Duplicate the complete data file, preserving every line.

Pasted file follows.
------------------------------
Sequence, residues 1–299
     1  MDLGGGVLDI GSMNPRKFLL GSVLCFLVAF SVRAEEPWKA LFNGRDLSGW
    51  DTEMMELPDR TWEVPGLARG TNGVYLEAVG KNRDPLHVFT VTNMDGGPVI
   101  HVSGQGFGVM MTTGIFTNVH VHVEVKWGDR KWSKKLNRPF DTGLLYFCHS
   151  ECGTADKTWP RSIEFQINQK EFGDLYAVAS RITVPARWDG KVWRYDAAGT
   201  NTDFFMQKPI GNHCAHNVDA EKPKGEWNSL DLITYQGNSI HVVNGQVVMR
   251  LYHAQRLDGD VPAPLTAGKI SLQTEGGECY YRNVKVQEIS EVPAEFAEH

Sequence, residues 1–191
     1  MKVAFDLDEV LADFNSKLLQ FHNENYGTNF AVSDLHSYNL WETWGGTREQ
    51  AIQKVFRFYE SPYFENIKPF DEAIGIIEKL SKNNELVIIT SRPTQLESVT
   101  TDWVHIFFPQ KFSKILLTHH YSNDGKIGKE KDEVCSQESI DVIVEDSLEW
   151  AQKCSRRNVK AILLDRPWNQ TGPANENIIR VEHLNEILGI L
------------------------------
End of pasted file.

Sequence, residues 1–299
     1  MDLGGGVLDI GSMNPRKFLL GSVLCFLVAF SVRAEEPWKA LFNGRDLSGW
    51  DTEMMELPDR TWEVPGLARG TNGVYLEAVG KNRDPLHVFT VTNMDGGPVI
   101  HVSGQGFGVM MTTGIFTNVH VHVEVKWGDR KWSKKLNRPF DTGLLYFCHS
   151  ECGTADKTWP RSIEFQINQK EFGDLYAVAS RITVPARWDG KVWRYDAAGT
   201  NTDFFMQKPI GNHCAHNVDA EKPKGEWNSL DLITYQGNSI HVVNGQVVMR
   251  LYHAQRLDGD VPAPLTAGKI SLQTEGGECY YRNVKVQEIS EVPAEFAEH

Sequence, residues 1–191
     1  MKVAFDLDEV LADFNSKLLQ FHNENYGTNF AVSDLHSYNL WETWGGTREQ
    51  AIQKVFRFYE SPYFENIKPF DEAIGIIEKL SKNNELVIIT SRPTQLESVT
   101  TDWVHIFFPQ KFSKILLTHH YSNDGKIGKE KDEVCSQESI DVIVEDSLEW
   151  AQKCSRRNVK AILLDRPWNQ TGPANENIIR VEHLNEILGI L